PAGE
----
A top class coach with a bright future or a cheap option that has failed to capture the imagination of Cardiff City supporters. Paul Trollope divides opinion.
On the terraces at the Cardiff City Stadium he will need early success to silence sceptics, something Trollope himself acknowledged when he was unveiled as the Bluebirds’ new head coach.
But within the game, and especially in Wales, he is seen as a bright star who has received praise from the likes of Gareth Bale, Wales manager Chris Coleman and Swansea chairman Huw Jenkins.
Now promoted to be the main man for the Bluebirds, Coleman’s number two in the Wales set-up is even being mentioned as a future head coach for the national side.
But who exactly is Paul Trollope?
Born to be in football
Football and loyalty are ingrained in Trollope, whose father John is a record holder after turning out for Swindon in 770 games between 1960 and 1980. No one-club man has played more games in English football history.
“It introduced me to football from a very early age,” Trollope explained.
“I spent all my school days watching Swindon and having access to the game behind the scenes,” Trollope explained of his early introduction to the game when Swindon were enjoying a mini-revolution under managers like Ossie Ardiles and Glenn Hoddle.
Still a teenager at the time, Trollope didn’t make the grade in Wiltshire, but caught the eye of Neil Warnock during his time at Torquay United and his impressive displays led to a six-figure move to Derby County.
Finally in the Premier League, Trollope then made his international debut during Bobby Gould’s controversial tenure as coach, qualifying through a Welsh grandparent.
Gould believes Trollope has all the right credentials as a coach. “Knowing when to say something and when not to say something, that’s the identification of a good coach and Paul has that,” he said.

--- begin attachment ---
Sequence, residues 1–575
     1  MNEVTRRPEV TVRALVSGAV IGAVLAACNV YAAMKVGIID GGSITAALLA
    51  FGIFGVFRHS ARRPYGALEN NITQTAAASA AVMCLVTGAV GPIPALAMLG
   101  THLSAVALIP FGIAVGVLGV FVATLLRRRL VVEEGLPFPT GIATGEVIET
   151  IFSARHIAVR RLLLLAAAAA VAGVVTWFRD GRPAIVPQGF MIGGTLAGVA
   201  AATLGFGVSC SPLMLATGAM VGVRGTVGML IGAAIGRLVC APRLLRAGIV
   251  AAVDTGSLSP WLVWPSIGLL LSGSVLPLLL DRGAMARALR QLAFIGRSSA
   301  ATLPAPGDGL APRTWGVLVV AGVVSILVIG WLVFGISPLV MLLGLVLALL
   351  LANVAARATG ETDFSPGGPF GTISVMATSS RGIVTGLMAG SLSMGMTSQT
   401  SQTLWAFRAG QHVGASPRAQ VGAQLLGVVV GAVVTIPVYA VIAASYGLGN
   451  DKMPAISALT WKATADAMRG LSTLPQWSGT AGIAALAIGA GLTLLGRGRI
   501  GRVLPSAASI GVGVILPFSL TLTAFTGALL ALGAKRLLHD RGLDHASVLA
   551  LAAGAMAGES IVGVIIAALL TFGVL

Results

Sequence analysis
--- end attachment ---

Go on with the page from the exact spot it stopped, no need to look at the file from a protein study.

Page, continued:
Trollope never became a mainstay for the Rams and switched to Craven Cottage, playing a pivotal role in the Fulham side managed by Jean Tigana, another key influence.
“I have to say that spell with Tigana when we won promotion had a big influence on me as a coach and my philosophies,” Trollope reflected.
Trollope wound down his playing days with Bristol Rovers, but it was to be the beginning of his transition to coach.
Youngest manager in the Football League
His appointment as caretaker/player boss of Rovers in 2005 raised eyebrows, considering he was just 33 at the time and just 18-months earlier had made the last of his nine Wales appearances.
“It was something I knew I wanted to go into. I was thrust into it, but felt ready,” Trollope said of his surprise appointment.
He took Rovers to the FA Trophy final in 2007 and 12-months later enjoyed glory at Wembley when Rovers went up in the League Two play-offs, Trollope’s reputation was growing.
His sacking from Rovers in December 2010 caught many people off guard, especially a few months earlier he was seriously considered for the Swansea City job before Brendan Rodgers was appointed.
Speaking just days before Rodgers was appointed, Swansea chairman Jenkins said: “I’ve seen the names being linked with us in the papers, but I don’t understand why people are not looking at the managers who are doing a great job under a limited budget at other clubs lower down the leagues.
“Look at Paul Trollope at Bristol Rovers for example – he’s done very well there.”
Return to football and move to Wales
Trollope returned to the game as a coach under Chris Hughton at Birmingham City, also following the now-Brighton boss to Norwich in 2012.
Trollope now has the top job at an ambitious Championship club and believes it has come at exactly the right time, while Wales and Cardiff are in no rush for him to end his role with Wales whose players the BBC understands highly-value the 43-year old.
“Since being in the management/coaching game, it has always been my aim to be in this position,” he told BBC Wales Sport after his promotion at Cardiff.
“It’s a good challenge. One I am really very much looking forward to getting started with and I had no reservations, none at all.”
Cardiff fans will wish Trollope well, but all Welsh football fans should be watching his progress with interest.